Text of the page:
Newton's Laws of Motion
Newton's laws of motion is one of the Clasical branches in physics. These three laws show the relations between the forces acting on a body and the motion of the body.
Newton's Laws of Motion Index
- Newton's First Law
- Newton's Second Law
- Newton's Second Law Formula
- Newton's Second Law for Rotation Formula
- Newton's Third Law
- Newton's Third Law Formula
Together, these laws provide a framework for understanding and predicting the motion of objects and the forces that govern their behavior. They form the basis of classical mechanics and have extensive applications in physics, engineering, and everyday life.
Newton's First Law
Newton's first law of motion, also known as the law of inertia, states that an object at rest will remain at rest, and an object in motion will continue moving in a straight line at a constant velocity, unless acted upon by an external force. In simpler terms, the first law states that objects tend to "keep doing what they're doing" unless something makes them do otherwise. If an object is stationary, it will stay stationary unless a force is applied to it. If an object is already in motion, it will keep moving in the same direction and at the same speed unless a force acts on it to change its motion.
This law describes the concept of inertia, which is the tendency of an object to resist changes in its state of motion. The greater the mass of an object, the greater its inertia and the more force is required to change its motion.
Newton's first law has important implications in our daily lives and is the foundation of many principles in physics. For example, it explains why we need seat belts in cars to prevent us from continuing in motion if the vehicle suddenly stops. It also helps us understand why objects tend to stay in motion in the absence of friction or other external forces. It is important to note that Newton's first law applies to objects in the absence of any net external forces. If there is a net force acting on an object, it will experience acceleration according to Newton's second law of motion.
Newton's Second Law
Newton's second law of motion, also known as the Law of Resultant Force, describes the relationship between the motion of an object, the net force acting on it, and its mass. It states that the acceleration of an object is directly proportional to the net force applied to it and inversely proportional to its mass. In simpler terms, the second law states that the acceleration of an object is directly related to the force applied to it. If a greater force is applied to an object, it will experience a greater acceleration. Similarly, if the mass of the object is increased, it will experience a smaller acceleration for the same force.
Newton's second law is fundamental in understanding the relationship between force, mass, and acceleration and is widely used in physics and engineering to analyze the motion of objects and design systems that involve the application of forces.
Newton's Second Law formulaIf the object is free fall with on other force other than gravity. |
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\( F = m \; a \) (Newton's Second Law) \( m = F \;/\; a \) \( a = F \;/\; m \) |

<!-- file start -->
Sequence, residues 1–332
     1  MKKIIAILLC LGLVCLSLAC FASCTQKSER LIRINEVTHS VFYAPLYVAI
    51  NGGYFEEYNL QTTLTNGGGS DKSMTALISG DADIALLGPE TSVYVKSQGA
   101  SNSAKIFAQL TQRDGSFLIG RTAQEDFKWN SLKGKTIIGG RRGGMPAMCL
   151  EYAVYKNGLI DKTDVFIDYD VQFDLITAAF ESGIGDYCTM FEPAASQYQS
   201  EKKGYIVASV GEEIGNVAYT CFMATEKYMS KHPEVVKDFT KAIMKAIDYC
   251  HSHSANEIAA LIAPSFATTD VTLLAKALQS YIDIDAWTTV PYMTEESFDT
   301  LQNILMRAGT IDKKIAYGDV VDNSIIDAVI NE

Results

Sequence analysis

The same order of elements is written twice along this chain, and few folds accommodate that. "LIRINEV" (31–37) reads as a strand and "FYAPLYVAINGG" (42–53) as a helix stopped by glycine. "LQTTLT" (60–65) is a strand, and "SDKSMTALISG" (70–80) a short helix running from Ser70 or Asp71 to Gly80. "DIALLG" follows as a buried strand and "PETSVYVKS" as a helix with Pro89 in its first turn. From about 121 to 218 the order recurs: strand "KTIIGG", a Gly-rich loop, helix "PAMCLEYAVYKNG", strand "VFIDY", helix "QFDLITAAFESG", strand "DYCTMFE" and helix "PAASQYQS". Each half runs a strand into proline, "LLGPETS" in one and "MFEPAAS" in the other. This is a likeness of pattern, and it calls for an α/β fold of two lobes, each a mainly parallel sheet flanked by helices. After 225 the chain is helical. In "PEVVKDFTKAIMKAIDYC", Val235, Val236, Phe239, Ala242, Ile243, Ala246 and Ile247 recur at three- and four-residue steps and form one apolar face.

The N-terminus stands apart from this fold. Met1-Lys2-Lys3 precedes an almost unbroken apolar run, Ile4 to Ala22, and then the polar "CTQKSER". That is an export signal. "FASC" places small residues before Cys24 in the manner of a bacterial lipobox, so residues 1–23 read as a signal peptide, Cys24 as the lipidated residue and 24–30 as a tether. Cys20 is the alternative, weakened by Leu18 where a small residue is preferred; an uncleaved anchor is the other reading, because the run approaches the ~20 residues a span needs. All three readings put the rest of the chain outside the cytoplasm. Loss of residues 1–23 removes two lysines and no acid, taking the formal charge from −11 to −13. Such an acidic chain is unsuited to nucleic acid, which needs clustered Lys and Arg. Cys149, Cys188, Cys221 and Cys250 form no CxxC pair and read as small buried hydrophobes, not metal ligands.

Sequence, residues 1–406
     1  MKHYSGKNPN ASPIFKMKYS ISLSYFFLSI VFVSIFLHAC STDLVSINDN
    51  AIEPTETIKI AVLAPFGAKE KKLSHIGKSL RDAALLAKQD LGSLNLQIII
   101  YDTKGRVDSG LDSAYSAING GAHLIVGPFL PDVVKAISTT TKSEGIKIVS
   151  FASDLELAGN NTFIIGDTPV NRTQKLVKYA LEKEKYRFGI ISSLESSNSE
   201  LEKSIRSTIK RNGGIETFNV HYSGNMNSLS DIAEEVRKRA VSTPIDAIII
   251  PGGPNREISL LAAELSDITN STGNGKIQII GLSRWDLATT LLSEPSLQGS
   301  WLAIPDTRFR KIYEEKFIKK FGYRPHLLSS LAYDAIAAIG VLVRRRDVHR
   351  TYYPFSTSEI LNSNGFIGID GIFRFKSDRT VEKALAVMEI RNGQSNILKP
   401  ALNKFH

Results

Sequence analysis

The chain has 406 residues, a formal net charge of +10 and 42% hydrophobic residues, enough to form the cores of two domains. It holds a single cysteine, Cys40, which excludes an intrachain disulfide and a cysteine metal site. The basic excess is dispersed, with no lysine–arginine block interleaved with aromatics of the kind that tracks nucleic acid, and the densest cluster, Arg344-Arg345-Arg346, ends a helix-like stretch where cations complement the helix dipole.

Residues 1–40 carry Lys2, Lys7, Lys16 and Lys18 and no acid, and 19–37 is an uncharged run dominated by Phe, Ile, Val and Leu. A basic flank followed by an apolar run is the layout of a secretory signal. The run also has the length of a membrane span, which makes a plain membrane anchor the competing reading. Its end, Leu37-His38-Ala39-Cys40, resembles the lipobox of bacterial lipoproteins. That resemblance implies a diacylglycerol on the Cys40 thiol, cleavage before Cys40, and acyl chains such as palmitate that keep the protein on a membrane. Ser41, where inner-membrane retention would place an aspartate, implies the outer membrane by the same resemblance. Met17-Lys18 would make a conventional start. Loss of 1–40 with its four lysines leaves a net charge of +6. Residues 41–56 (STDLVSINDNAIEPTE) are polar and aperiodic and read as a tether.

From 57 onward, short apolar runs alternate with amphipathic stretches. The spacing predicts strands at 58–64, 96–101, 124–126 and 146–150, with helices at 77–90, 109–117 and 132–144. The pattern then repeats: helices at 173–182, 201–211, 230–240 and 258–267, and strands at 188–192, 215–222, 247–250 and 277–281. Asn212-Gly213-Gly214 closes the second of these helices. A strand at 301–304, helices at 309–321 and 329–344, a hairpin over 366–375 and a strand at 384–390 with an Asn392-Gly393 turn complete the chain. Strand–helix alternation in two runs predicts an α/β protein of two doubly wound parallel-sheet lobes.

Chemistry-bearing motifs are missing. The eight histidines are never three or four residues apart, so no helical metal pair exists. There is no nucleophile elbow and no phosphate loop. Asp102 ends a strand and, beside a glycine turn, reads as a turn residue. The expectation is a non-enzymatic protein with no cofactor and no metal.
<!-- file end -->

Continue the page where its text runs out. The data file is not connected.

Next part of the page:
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Symbol | English | Metric |
\( F \) = force | \(lbf\) | \(N\) |
\( m \) = mass | \(lbm\) | \(kg\) |
\( a \) = acceleration | \(ft\;/\;sec^2\) | \(m\;/\;s^2\) |
Newton's Second Law for Rotation Formula |
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\( \tau = I \; \alpha \) (Newton's Second Law for Rotation) \( I = \tau \;/\; \alpha \) \( \alpha = \tau \;/\; I \) |
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Symbol | English | Metric |
\( \tau \) (Greek symbol tau) = rotational force | \( lbf-ft \) | \( N-m \) |
\( I \) = moment of inertia | \( in^4 \) | \( mm^4 \) |
\( \alpha \) (Greek symbol alpha) = angular acceleration | \(deg\;/\;sec^2\) | \(rad\;/\;sec^2\) |
Newton's Third Law
Newton's third law of motion, also known as the law of actions and reaction, states that for every action, there is an equal and opposite reaction. It means that whenever one object exerts a force on a second object, the second object exerts an equal and opposite force back on the first object. In simpler terms, if object A applies a force on object B, then object B simultaneously applies an equal and opposite force on object A. These two forces always occur as a pair, acting on two different objects.
For example, consider a person pushing a heavy box. According to Newton's third law, as the person pushes the box forward with a certain force, the box exerts an equal and opposite force backward on the person. These two forces are known as an action reaction pair. It is important to note that the action and reaction forces act on different objects and are equal in magnitude but opposite in direction. The forces do not cancel each other out because they act on different objects. They are simply two parts of the same interaction.
Newton's third law of motion applies to all interactions in the universe. It is the underlying principle behind many phenomena, such as the propulsion of rockets, the motion of vehicles, and the recoil of firearms. Understanding and applying this law is crucial in analyzing and predicting the motion of objects in various situations.
Newton's Third Law Formula |
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\( F_1 = - F_2 \) | ||
Symbol | English | Metric |
\( F \) = force | \( lbf \) | \( N \) |